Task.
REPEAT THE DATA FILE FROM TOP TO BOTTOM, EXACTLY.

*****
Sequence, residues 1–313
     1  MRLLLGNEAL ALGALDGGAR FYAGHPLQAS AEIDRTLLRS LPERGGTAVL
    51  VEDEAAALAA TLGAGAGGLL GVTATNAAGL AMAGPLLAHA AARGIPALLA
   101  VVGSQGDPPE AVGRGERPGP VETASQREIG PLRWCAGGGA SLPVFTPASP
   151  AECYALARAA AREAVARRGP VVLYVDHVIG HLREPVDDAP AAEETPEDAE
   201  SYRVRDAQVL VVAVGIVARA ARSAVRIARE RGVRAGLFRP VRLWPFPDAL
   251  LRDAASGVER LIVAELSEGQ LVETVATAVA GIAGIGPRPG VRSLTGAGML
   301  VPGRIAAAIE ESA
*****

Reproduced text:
Sequence, residues 1–313
     1  MRLLLGNEAL ALGALDGGAR FYAGHPLQAS AEIDRTLLRS LPERGGTAVL
    51  VEDEAAALAA TLGAGAGGLL GVTATNAAGL AMAGPLLAHA AARGIPALLA
   101  VVGSQGDPPE AVGRGERPGP VETASQREIG PLRWCAGGGA SLPVFTPASP
   151  AECYALARAA AREAVARRGP VVLYVDHVIG HLREPVDDAP AAEETPEDAE
   201  SYRVRDAQVL VVAVGIVARA ARSAVRIARE RGVRAGLFRP VRLWPFPDAL
   251  LRDAASGVER LIVAELSEGQ LVETVATAVA GIAGIGPRPG VRSLTGAGML
   301  VPGRIAAAIE ESA